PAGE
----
Mohandas Gandhi is exceptionally determined and he follows his objectives and yearnings with fervent dedication and willpower. Mohandas Gandhi frequently employs or forces his willpower upon other individuals, devoid of being exaggeratedly forceful. He is exceedingly ambitious and will motivate himself and others hardheartedly when he desires to attain something. In encouraging self-sufficiency, shared democracy, and humble living, Gandhi projected by numerous periods the 'small is beautiful' philosophies which are at present more and more respected. In the same way, he was a forerunner in demanding for the equal opportunity of women, in emphasizing the assessment of mixing manual labor with intellectual exertion, and in his advanced concepts concerning education.
Faustus was somehow like Ghandi, he is adept of complete concentration and remarkable discipline, and he is very hard to influence the minute his thoughts is made up. Faustus can be very one-sided and very nearly fixated with it. He assures himself that hell is not so wicked and that one requires simply endurance and he notes to the uncertainty to the belief if hell really exists. Faustus is also tormented with uncertainties from the start, in which he recurrently seeks for repentance and he was eager to aid other individuals at the cost of his soul.
Ambition can be Risky
Nelson Mandela’s party-political journey took him from country royalty, to radical independence warrior, to international supporter of human rights. He was frequently arrested and jailed. As a political captive and a black man, Mandela tolerated and suffered the penal structure’s nastiest conditions—the least nourishment, the scarcest privileges. Mandela’s lengthened periods changed him. He turned out to be freedom warrior who liked instigating headlines from the aggressive lawyer that he was before. In his personality developed a disciplined and philosophical nation-builder, a mediator who wanted to find mutual ground, whatever the price. His pursuits were apparently risky but he will endlessly be evoked for his high-mindedness, his uprightness and his resilient strength.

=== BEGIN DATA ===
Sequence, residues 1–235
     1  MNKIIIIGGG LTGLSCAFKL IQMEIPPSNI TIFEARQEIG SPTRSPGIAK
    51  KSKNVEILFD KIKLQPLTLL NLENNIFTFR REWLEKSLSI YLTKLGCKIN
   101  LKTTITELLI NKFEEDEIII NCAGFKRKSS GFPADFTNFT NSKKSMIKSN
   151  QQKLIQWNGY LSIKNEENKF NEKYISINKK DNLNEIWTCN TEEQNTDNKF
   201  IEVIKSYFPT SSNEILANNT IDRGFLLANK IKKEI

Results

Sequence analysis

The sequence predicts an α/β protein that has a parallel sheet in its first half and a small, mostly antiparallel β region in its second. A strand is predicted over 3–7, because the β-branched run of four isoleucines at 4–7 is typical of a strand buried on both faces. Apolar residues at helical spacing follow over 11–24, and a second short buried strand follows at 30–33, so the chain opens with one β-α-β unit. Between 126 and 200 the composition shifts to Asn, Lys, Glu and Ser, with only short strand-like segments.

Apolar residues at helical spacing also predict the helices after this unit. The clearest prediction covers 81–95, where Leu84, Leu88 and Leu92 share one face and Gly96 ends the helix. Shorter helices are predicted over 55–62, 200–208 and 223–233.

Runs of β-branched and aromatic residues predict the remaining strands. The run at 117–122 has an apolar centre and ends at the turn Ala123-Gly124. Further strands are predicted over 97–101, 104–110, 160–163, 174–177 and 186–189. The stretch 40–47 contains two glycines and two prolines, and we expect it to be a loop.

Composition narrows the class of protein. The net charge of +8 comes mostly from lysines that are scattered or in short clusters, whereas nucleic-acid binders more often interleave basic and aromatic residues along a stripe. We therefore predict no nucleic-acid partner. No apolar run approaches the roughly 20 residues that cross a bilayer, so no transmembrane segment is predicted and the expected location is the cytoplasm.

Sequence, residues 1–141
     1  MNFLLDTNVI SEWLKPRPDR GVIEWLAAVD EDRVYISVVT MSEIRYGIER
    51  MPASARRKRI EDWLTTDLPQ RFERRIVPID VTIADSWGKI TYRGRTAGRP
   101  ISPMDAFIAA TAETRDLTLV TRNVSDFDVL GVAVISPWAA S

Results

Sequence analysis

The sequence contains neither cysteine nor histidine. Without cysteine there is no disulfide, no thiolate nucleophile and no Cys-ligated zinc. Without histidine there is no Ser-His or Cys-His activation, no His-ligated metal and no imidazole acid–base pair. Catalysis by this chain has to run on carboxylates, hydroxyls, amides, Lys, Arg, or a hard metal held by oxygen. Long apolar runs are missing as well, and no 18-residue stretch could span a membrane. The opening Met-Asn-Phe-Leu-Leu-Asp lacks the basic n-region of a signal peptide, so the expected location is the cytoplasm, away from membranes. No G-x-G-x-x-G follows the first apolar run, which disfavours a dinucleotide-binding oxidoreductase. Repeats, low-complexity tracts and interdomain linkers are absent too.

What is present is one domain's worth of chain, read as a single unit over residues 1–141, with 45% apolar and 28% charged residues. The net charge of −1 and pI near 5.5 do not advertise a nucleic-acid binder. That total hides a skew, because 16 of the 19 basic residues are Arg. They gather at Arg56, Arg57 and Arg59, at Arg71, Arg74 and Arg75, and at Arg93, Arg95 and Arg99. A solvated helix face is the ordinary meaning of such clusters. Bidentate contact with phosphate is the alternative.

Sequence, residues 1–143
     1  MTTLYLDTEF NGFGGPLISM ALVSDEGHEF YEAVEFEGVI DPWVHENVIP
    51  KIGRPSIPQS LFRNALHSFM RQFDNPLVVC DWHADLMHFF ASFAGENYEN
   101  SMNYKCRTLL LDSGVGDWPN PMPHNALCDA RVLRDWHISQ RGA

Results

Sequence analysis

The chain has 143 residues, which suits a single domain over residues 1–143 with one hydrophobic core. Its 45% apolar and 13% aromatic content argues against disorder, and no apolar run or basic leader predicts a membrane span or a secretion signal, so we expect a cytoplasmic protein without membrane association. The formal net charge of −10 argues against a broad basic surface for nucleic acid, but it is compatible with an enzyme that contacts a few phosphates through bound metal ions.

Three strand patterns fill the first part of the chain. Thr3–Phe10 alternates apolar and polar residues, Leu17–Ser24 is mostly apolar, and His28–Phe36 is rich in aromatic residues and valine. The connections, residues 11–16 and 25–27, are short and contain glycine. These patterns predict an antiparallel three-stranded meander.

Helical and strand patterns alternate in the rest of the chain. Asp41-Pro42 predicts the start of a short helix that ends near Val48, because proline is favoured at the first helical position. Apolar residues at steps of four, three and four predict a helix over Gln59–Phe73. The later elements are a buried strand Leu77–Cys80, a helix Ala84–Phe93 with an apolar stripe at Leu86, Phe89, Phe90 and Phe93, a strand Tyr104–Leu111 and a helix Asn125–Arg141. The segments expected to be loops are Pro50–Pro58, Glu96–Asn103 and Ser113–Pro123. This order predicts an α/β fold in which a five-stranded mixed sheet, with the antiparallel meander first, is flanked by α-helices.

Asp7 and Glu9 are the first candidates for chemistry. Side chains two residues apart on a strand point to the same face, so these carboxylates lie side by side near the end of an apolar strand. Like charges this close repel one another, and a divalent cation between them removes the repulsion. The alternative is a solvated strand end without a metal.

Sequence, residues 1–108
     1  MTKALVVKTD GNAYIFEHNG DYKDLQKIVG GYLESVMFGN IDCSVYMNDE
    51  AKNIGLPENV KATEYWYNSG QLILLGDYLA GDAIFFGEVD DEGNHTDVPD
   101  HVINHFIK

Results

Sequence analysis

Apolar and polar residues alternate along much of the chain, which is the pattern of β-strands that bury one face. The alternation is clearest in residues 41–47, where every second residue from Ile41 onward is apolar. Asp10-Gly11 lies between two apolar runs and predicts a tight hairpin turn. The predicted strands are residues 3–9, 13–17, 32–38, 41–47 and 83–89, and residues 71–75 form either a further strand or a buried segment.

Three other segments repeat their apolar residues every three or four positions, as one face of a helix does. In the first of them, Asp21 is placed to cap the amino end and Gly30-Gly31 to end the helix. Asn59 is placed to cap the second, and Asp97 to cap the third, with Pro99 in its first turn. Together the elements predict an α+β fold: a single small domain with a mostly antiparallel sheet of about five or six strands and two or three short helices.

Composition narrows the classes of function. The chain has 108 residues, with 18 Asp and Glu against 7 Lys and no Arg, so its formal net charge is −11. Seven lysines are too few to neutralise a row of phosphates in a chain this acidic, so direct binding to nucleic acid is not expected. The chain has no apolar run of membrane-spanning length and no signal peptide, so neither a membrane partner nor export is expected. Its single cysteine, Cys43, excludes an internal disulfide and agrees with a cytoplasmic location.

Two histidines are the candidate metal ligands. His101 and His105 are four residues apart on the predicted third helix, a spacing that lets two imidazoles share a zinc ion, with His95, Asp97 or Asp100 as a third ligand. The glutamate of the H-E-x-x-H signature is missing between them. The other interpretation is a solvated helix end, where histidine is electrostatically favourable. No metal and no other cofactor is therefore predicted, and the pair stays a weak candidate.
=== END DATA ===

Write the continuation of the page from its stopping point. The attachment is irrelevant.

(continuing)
Faustus exchanges his soul to Lucifer in return for years of enormous power, but the aspiration to repent arises to infect him as the terror of hell cultivates in him. In constructing a deal with Lucifer, Faustus pledges what is in a logic the eventual sin: not merely does he refuse to comply God, but he deliberately and even readily relinquishes submission to him, selecting instead to insist commitment to the devil. In a Christian context, however, even the vilest deed can be pardoned through the redeeming command of Jesus Christ, who, agreeing to Christian faith, died on the cross for humanity’s wickedness. As a result, however dreadful Faustus’s deal with Lucifer may be, the probability of redemption is at all times open to him. Everything that he wants to do, hypothetically, is ask God for pardon.
Nancy Macdonald & Stephanie Findlay. “Nelson Mandela conquered apartheid, united his country and inspired the world”. MClean’s. December 12, 2013. <http://www.macleans.ca/politics/nelson-mandela-conquered-apartheid-united-his- country-and-inspired-the-world/
New York Times. “Hitler Fought Way to Power Unique in Modern History”. On This Day. May 2, 1945. <http://www.nytimes.com/learning/general/onthisday/bday/0420.html
SparkNotes Editors. “SparkNote on Doctor Faustus.” SparkNotes.com. SparkNotes LLC. 2003. Web. 21 Nov. 2014.